1994-08-22 - Re: In Search of Genuine DigiCash

Header Data

From: Jason W Solinsky <solman@MIT.EDU>
To: rah@shipwright.com (Robert Hettinga)
Message Hash: 128d8bcd8960ead51c0e915889667035864c02508212a61a2948b27a13aa7928
Message ID: <9408221417.AA11245@ua.MIT.EDU>
Reply To: <199408221240.IAA29673@zork.tiac.net>
UTC Datetime: 1994-08-22 14:17:48 UTC
Raw Date: Mon, 22 Aug 94 07:17:48 PDT

Raw message

From: Jason W Solinsky <solman@MIT.EDU>
Date: Mon, 22 Aug 94 07:17:48 PDT
To: rah@shipwright.com (Robert Hettinga)
Subject: Re: In Search of Genuine DigiCash
In-Reply-To: <199408221240.IAA29673@zork.tiac.net>
Message-ID: <9408221417.AA11245@ua.MIT.EDU>
MIME-Version: 1.0
Content-Type: text/plain

> I just think that it's easier all around to keep a constant notional value
> (a buck is a buck is a buck). Then to mess with a fluid pricing mechanism
> for something which is supposed to enhance convenience and liquidity in
> internet commerce.  Let banks and governments worry about the relative
> prices between their currencies, and let that price be the price of e-cash
> for now. An e-cash issuer has to worry about his competition and the price
> of their cash.  That's bad enough. Occam's razor, KISS principle, and all
> that.

A buck is NOT a buck. It keeps on going down in value. We should use the
introduction of digicash to finally create a monetary instrument that never
experiences positive inflation. Incorporate in a foreign land, invest the
money safely, issue and buy back shares according to a fixed formula that
depends only on the valuation of the company, publish your returns and
register the stock as securities in as many lands as possible. You now
have a perfectly legal basis for digicash. The shares will float in the
range of values specified by the stock issuance formula. They will
gradually go up relative to inflation and will be easily traded in multiple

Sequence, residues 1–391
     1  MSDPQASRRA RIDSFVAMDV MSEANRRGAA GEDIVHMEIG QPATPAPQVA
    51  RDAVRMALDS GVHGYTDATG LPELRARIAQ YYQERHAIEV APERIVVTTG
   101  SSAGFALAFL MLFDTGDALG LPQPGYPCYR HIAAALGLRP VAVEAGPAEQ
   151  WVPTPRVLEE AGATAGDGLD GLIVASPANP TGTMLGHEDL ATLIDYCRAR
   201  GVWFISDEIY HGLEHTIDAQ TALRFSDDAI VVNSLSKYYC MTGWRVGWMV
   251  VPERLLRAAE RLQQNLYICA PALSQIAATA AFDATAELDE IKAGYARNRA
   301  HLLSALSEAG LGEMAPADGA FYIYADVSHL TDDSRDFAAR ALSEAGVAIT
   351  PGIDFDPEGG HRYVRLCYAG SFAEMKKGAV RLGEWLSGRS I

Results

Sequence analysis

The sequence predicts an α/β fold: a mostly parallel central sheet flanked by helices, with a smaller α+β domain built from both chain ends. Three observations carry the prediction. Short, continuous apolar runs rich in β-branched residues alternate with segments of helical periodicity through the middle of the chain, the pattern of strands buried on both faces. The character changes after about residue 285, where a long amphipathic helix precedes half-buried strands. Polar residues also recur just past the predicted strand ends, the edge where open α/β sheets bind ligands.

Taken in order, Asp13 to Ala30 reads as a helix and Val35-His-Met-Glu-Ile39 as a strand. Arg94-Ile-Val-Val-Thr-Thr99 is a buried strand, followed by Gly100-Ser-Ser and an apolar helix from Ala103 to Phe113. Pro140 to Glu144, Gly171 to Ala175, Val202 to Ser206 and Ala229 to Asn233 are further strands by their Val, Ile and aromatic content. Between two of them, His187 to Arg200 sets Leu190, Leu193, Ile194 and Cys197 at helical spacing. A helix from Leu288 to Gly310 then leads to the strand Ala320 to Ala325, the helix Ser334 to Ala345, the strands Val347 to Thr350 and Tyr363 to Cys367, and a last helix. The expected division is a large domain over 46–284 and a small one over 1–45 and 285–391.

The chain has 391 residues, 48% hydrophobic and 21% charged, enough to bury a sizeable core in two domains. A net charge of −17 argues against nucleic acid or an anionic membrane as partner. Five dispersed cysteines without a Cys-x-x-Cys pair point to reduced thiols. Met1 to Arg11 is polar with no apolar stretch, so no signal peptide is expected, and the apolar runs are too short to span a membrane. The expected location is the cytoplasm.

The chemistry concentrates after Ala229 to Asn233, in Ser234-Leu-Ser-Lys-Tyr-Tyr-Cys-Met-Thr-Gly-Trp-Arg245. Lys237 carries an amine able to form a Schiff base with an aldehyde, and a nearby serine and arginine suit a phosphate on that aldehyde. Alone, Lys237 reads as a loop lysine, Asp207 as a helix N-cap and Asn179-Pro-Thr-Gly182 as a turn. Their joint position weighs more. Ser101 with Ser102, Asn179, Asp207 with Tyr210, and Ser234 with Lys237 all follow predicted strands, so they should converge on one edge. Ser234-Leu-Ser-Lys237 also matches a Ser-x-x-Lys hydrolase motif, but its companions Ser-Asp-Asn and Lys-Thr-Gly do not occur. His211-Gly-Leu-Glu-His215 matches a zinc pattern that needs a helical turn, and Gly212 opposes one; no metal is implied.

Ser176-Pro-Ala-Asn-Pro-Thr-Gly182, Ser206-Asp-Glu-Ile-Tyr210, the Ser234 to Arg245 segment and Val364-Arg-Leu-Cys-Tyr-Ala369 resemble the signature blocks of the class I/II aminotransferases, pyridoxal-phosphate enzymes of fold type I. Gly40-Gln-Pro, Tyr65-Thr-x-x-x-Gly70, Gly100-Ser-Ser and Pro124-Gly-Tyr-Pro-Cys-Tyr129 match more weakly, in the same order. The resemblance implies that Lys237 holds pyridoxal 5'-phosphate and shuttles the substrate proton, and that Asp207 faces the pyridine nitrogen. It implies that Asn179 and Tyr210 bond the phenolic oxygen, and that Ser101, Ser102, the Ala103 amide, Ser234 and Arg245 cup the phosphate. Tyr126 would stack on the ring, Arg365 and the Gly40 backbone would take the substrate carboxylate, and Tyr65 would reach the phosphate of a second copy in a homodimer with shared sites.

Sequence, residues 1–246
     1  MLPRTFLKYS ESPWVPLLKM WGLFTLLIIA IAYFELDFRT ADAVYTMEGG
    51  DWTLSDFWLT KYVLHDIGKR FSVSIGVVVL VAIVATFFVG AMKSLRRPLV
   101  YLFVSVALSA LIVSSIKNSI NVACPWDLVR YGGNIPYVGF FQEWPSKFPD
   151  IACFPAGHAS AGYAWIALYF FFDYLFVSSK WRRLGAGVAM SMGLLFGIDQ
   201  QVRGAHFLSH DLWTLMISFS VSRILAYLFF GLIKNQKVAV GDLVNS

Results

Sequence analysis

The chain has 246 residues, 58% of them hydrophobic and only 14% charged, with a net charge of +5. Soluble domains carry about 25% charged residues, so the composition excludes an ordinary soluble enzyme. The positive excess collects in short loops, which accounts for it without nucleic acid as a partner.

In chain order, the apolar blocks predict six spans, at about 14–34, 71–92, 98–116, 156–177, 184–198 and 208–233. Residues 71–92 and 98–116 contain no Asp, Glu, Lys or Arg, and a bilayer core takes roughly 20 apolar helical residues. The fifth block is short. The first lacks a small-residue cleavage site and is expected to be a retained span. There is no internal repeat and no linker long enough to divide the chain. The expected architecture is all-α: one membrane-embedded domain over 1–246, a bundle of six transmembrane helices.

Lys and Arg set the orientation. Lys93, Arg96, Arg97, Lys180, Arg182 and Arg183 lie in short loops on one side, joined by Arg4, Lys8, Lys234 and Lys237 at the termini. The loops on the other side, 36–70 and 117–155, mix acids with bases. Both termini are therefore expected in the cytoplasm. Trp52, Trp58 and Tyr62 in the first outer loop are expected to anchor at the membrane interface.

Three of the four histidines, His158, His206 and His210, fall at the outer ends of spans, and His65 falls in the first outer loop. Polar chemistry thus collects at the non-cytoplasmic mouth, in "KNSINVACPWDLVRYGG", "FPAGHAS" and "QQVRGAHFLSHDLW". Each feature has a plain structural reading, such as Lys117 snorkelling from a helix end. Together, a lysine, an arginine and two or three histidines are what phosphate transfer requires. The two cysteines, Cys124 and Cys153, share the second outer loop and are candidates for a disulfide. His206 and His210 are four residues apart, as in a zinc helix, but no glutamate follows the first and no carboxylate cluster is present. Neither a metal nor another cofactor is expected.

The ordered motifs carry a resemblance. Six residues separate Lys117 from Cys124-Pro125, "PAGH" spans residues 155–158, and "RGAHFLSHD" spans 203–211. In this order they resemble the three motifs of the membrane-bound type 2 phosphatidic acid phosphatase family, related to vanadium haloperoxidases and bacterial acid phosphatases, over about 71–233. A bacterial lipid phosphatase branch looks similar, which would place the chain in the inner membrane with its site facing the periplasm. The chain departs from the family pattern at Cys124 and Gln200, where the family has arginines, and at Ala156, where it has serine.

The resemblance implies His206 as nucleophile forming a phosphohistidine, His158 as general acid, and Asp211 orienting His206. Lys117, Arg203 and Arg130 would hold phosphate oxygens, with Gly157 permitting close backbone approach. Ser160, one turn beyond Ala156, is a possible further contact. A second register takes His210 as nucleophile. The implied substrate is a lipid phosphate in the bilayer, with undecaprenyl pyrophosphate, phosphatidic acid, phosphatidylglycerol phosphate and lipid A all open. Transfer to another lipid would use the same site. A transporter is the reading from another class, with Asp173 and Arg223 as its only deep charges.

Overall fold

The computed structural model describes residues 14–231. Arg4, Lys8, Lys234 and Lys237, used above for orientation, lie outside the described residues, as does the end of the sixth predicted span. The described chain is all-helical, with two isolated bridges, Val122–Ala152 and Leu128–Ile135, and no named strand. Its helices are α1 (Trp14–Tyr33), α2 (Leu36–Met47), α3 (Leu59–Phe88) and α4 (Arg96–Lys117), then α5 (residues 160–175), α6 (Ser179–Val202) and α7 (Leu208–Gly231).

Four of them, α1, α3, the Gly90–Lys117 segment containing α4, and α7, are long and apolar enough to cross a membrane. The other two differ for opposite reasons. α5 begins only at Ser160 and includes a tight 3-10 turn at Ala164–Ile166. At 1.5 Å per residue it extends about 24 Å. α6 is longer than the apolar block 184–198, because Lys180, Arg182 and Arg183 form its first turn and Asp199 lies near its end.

currencies. And it will be really difficult for most governments to attack
the "payable to bearer" nature of the currency because it would encroach on
the rights of all American corporations. No?

> In theory, though it probably won't happen, an underwriter could issue a
> greater amount of digital cash than regular cash paid for it (e$1.00 for
> $0.95, for the sake of argument).  The cash flow from the interest on the
> suspension account (due to long cash lifetimes on the net, for example)
> would be paying for operations, and profits, and a competitive market
> forces the underwriter to sell at a slight discount. See?  This is exactly
> the way you price bonds.  The case of zero interest digital cash is exactly
> like that of a zero-coupon bond. The ecash is then spent one or more times
> on the net at its "par" or face amount, and then the underwriter makes
> money or eats the difference when it is redeemed.

This will once again make the value of the digicash dependent on when it was
issued. An alternative formulation of this same scheme would have the value
od digi-cash be invariant with the data of issue, but have periodic
redemption dates on which the value of the digi-cash would jump. I find
neither to be desireable.

> >Seting prices based on convenience instead of value derived? *BLECH*. That
> >sort of thing is anathema to free markets.
> There's probably the hoariest old saw in economics which says "The cost of
> anything is the foregone alternative." Convience *is* value derived. Market
> liquidity is convience (more like necessity, actually, certainly not
> anathema, but who's quibbling).  Market liquidity is value derived.

Market liquidity is increased by convenience to the holder of the securities,
not the issuer of the securities.